Choosing your CPU
Now that you know all of this, you can go about trying to choose a CPU for your system.
First, you should think about the planned uses for the system. Someone who is just web browsing, watching videos, and editing documents (also sometimes called a basic use system) won't leverage many cores meaningfully or benefit from high clockspeeds (for a given, recent generation). For them, a lower-end CPU (~$100 USD and lower) is just fine.
Q: What do people mean when talking about "performance"?
I don't really know, and neither does anyone else because one person might be referring to different things entirely from another. But that doesn't stop most from using this term. But to try and clear up some confusion, I'm going to try and list what people normally mean when talking about performance.
When talking about the performance of a CPU for a given task or use, they are probably referring to throughput (which is about getting more done constantly) or execution times (get tasks done faster). When talking about single-threaded performance, people are talking about the performance on a single hardware thread. When talking about multithreaded performance, people are usually referring to the performance with all hardware threads of a CPU executing.
Same thing as CPU, minus the thread parts.
What people refer to when talking about the performance of an SSD or HDD is much more mixed than for CPUs and GPUs. Some may be only referring to sequential reads/writes, some may refer to both sequential and random reads/writes, some may refer to all of that along with sustained write throughput, some may refer to all previously mentioned and mixed workloads throughput, some may be referring to any of the mentioned and access times, and so on.
Really, performance is a meaningless term for SSDs and HDDs because what people are referring to when using it varies so much.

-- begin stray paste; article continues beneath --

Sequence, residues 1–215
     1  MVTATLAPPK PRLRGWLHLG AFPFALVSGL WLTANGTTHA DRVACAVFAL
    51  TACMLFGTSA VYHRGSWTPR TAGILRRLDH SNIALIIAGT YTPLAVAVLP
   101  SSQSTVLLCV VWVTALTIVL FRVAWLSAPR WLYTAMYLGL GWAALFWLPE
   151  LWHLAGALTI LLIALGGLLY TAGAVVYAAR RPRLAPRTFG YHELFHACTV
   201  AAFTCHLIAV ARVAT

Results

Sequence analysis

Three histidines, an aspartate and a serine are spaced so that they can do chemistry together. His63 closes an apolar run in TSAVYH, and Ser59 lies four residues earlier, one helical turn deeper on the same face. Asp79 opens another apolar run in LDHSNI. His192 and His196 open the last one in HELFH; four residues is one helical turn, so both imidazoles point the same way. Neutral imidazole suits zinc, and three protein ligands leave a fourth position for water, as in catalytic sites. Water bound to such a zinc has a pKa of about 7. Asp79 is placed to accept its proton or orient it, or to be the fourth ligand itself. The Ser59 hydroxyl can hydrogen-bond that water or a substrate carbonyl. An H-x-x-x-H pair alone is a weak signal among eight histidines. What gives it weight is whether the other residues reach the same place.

Typically, performance of RAM (or the memory subsystem in general) refers to both access latency and bandwidth. When talking about performance and RAM in a specific task, it is usually used in the way "performance" of a CPU or GPU might be used.
The performance of a CPU cooler almost always refers to how well it cools. So one cooler that is said to perform better than another one should provide lower CPU operating temperatures than the other one.
Normally refers to airflow, and operating temperatures of internal components.
Often refers to the framerates, sometimes minimum framerates included. So when someone says that a CPU or GPU will perform better for gaming, they likely mean that in many recent, popular games, you will get higher average (and maybe minimum) framerates.
Q: What about the CPU cooler? Do I need one? How do they work? What kind should I get?
A: To begin, I'm going to go over how the two primary types of CPU coolers, HSF (heatsink fan, also often called air cooler, below I will refer to HSFs that use heatpipes) and AIO CLC (all in one closed-loop cooler, also often called liquid cooler and water cooler), work.
A HSF has four notable parts that I will talk about: The base, heatpipes, fins, and the fan(s).
The base is copper, which has great thermal conductivity. With HSFs using heatpipes, the heatpipes often extend to the base and make up the base, being flattened. This way, heat from the CPU is directly transferred to the heatpipes. Although another design just has a plate of copper, and then heatpipes. But either way, heat from the CPU gets to heatpipes. The heatpipes contain liquid that, when heaten up, evaporates. This way, the heat is moved away from the processor, and up the heatpipes, where the previously-liquid loses heat to the copper heatpipes that transfer the heat to the heatsink's fins. The now-gas turns back into a liquid after cooling down enough, moving back down to the bottom of the heatsink, restarting the cycle for the heatpipe. At the cooling fins, it's pretty self explanatory. The fins, which are almost always made of aluminum due to cost, should provide a good surface area for better heat dissipation for the fan(s) to blow cooler air on and through them.
AIO CLCs have a few notable parts: the pump, tubes, radiator, and the fan(s).